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Last Stop Vienna [Hardcover]

Andrew Nagorski
3.0 out of 5 stars  See all reviews (1 customer review)

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Product details

  • Hardcover: 269 pages
  • Publisher: James Bennett Pty Ltd (1 Mar 2003)
  • Language: English
  • ISBN-10: 0743237501
  • ISBN-13: 978-0743237505
  • Product Dimensions: 23.9 x 15.7 x 2.5 cm
  • Average Customer Review: 3.0 out of 5 stars  See all reviews (1 customer review)
  • Amazon Bestsellers Rank: 1,820,176 in Books (See Top 100 in Books)

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Most Helpful Customer Reviews
3.0 out of 5 stars Metafictional Exploration of History 22 Sep 2009
A grave on Vienna`s Central Cemetery is the final destination for a young man from inter-war Germany. Karl Naumann is a timid, fatherless 15-year-old boy when the Great War ends and the Weimar Republic is established. Impressed by the nationalist veterans of the Free Corps in Berlin, he becomes embroiled in their violent street fighting with communist revolutionaries following the murders of Rosa Luxemburg and Karl Liebknecht. Once he has got into contact with Nazi activist Otto Strasser and joined a storm trooper unit, he is sent to Munich to help the rising Nazi movement and support its alliance with the right-wing parties of the Kampfbund.

The capital of Bavaria proves to be the place where Karl is initiated into what has long been regarded as true manliness. Not only does he succeed in gaining the respect of his tough comrades by guarding the public speeches of Adolf Hitler but he experiences the joys of sexuality when he falls in love with a blonde, busty nurse named Sabine Koch. Instrumental as he is to Hitler`s struggle for power, Karl has neither an inkling of his political plans nor an interest in his racial ideology. Instead, he simply contents himself with beating up political opponents and running personal errands for leading party members.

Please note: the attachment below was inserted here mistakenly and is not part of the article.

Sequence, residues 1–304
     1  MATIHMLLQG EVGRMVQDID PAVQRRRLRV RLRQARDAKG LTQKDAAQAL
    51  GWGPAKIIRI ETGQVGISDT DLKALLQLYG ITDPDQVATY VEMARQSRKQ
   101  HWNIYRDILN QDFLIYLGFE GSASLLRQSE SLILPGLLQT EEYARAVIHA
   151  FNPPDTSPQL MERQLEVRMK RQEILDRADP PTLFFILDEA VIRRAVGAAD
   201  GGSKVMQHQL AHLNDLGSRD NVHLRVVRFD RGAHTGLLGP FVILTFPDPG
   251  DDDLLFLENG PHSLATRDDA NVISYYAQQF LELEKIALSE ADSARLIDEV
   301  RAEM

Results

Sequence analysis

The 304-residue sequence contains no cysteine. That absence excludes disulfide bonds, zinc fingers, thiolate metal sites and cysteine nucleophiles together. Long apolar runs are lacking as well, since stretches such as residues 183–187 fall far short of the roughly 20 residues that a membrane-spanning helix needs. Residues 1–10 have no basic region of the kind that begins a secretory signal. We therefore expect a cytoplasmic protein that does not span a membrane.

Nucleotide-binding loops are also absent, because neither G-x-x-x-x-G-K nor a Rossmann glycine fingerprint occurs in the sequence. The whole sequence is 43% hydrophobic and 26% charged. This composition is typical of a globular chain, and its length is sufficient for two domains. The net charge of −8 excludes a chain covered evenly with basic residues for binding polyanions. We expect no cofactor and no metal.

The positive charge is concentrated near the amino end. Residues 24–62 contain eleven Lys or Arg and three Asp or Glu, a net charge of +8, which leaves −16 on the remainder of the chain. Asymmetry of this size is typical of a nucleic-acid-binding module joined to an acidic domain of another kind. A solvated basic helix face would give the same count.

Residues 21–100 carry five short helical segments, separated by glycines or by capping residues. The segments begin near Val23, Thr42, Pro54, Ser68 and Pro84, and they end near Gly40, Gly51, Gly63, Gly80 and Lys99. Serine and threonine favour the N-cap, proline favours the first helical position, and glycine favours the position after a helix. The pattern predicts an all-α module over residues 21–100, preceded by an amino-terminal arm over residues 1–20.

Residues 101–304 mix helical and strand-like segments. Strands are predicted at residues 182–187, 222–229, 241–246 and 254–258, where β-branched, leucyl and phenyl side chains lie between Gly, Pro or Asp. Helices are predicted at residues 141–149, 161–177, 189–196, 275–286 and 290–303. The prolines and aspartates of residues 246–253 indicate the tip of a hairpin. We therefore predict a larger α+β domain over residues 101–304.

Years later Karl is given the assignment of showing Hitler`s niece the sites of the city. Angela Geli" Raubal turns out to be a 16-year-old girl from Vienna whose vivacity attracts his attention immediately. Struck by her elusive seductiveness, he cannot but feel that she is weighed down by some mysterious burden. This does not prevent him from having a passionate love affair with her as soon as she moves to Munich and settles into an apartment next to her uncle`s in Thierschstrasse 41.
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Most Helpful Customer Reviews on (beta) 4.2 out of 5 stars  16 reviews
7 of 8 people found the following review helpful
5.0 out of 5 stars Read This Book! 12 May 2003
By A Customer - Published on
I derive no greater reading pleasure than when I learn something while being highly entertained. Andrew Nagorski�s Last Stop Vienna is an amazing novel that manages to teach as well as engage. The rise and rule of Adolf Hitler is the most notorious tale of the twentieth century, yet how many people truly understand the dire social, economic, and political climate in 1920�s and 1930�s Germany that enabled the emergence of a man like Hitler? Perhaps better than any novelist in recent history, Nagorski does. Through the eyes of young and idealist Nazi Brownshirt, Karl Naumann, Nagorski tells a story that demonstrates in eerie and vivid detail how readily evil can rise out of desperation. Last Stop Vienna is not only a compelling book but also an important one. We live in an age where the conditions in many countries throughout the world are jarringly parallel to those of pre-World War II Germany. It would behoove us all to gain an understanding of such matters. Andrew Nagorski has provided us a great service by making it easy and enjoyable to edify his readers using his 288-page gem, Last Stop Vienna.
1 of 1 people found the following review helpful
2.0 out of 5 stars Eh. What is there to say? 14 Nov 2006
By Tony Gonzalez - Published on